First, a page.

Exploring Commodity Data on the SDRs

Today we go to the far reaches of the Swap Data Repositories and explore commodities.  You probably know that SDRView normalizes and enriches the Interest Rate, Credit, and Foreign Exchange asset classes.  We’re quite fluent in that.  Further, we have done some studies on the Equity asset class in the recent past.

That leaves us with only the Commodity asset class to investigate.  We’re frequently asked about this more esoteric realm of SDRs, and it’s become time to open the lid.  After all, esoteric is what mining SDR data is all about.

So I began by pulling a month’s worth of commodity data from DTCC, ICE, and CME.  Right off the bat, I stripped out all of the trade information to do with netting, terminations, unwinds, etc.  I did (and we do) however process all of the cancel/replace messages, such that my data set should reflect all “New Trade” activity over the course of the month.  For June 2016, this is 65,986 trades.


From a trade count perspective, DTCC seems to have the lions share:

SDR CO Trade Count

Next step is to try and make sense of the data.  So, we need to (attempt to) normalize it.

This is where it’s a bit frustrating.  Forgetting SDRs for the minute, commodities have always been the bane of financial software.  Within most asset classes, there are fairly finite sets of products.  FX Options for example, you have a finite list of currencies (with maybe a dozen liquid ones), and really only a handful of standard products.  Yes, you can start getting into exotic options beyond your standard digitals and barriers, but the bulk of the information and data rests in maybe 95% of standard, easily describable trades.

With commodities, you might start with Energy as an asset class (or sub-asset class as it may be).  Then you need to talk about Crude Oil, Gasoline, Diesel, Jet Fuel, Natural Gas, Electricity.  But it’s never that easy:  is Corn Ethanol “Energy” or is it “Agricultural” because its Corn based?

The commodity world loves basis trades, because the trick with commodities is that there is some benchmark (eg Nat Gas at Henry Hub) that the rest of the nation or world trades in relation to.  Hence I can write an OTC contract for the price of natural gas in my backyard.  When “My Backyard Nat Gas” is a traded as a commodity swap vs Henry Hub, just what do you expect an SDR to do with that?

The answer is, regurgitate whatever the reporting counterparty said, “Myback NG Basis”, for example.

But hey, let’s try for the 95% and see where we get.

So I normalized all the data across these 3 SDRs into:

  • Sub-Asset Class (Ags, Energy, Metals, etc)
  • Product (Swap, Forward, Option, Exotic). Note no basis swaps at the minute.
  • Commodity (I’ll give a list further below. But think Corn, Gold, Silver, Wheat, etc)

Lets first look at the Product Types:

SDR CO Trade Count Product

Next, what I’ve chosen to call “Sub-Asset” class:

SDR CO Trade Count Sub-Asset

And then by commodity.  I ended up with 65 commodities in total after normalizing the data:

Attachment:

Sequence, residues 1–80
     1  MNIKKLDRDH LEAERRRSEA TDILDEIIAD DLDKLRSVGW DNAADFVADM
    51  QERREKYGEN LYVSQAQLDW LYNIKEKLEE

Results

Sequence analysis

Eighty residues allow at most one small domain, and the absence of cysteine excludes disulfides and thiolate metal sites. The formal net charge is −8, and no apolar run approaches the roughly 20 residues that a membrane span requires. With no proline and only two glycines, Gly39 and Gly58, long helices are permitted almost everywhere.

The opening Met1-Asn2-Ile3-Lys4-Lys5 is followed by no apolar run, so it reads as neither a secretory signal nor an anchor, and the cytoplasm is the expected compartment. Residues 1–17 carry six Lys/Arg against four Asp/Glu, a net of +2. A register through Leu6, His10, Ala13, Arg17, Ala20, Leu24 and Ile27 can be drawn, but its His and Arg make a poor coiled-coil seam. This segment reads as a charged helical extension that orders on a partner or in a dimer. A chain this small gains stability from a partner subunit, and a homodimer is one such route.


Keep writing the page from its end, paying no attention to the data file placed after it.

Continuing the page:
SDR CO Trade Count Top Commodities

Interesting to see that “Masked” is the second most active commodity.  So much for transparency!

Given that Gold accounts for nearly 30% of the reported trades, lets see what we’ve got.  First by Product:

SDR CO Trade Count Gold

Then, within Forwards, which SDR is reporting these:

SDR CO Trade Count Gold SDR

So, DTCC Gold Forwards seem to account for almost one-third of all SDR reported commodity trades!

Further, upon examination of these “Forwards”, it would seem that nearly every one of them is actually a spot transaction, if the dates on the SDR can be believed.


Always good to corroborate the data.  The generally acceptable other source I turn to for derivatives data is BIS.  If we look at their most recent report for commodity derivatives, we can glean some numbers, which is difficult to make heads or tails of.

BIS Commodity Derivatives


Is that less than a billion dollars of Gold derivatives?  Per day?

Taking the US SDR data, we can perhaps glean that roughly $52bn of Gold derivatives are traded every day, with a concentration in the 162 swaps traded!  Yes, I have confirmed the notionals are indeed quoted (at least reported) in ounces.  Quite intriguing.  So US SDR data says just over $1bn of gold forwards are traded each day, and $45b of gold swaps!  It’s times like these that I am have either learned something new, or I am misled.  Should we trust these numbers?

SDR CO Notional Gold


I’m going to have to leave it there for today.  I feel like I have opened Pandora’s box.  If there are further reaches of the Commodity SDR universe you would like us to peer into, or would like to tap into this data yourselves, please get in touch or leave a comment below.

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2 thoughts on “Exploring Commodity Data on the SDRs

  1. Thanks Tod, This was a useful insight into the makeup of commodities currently. As a rapidly growing trading market which is causing great difficulties data wise, do you see any push for standardisation in data formatting on these trade types?

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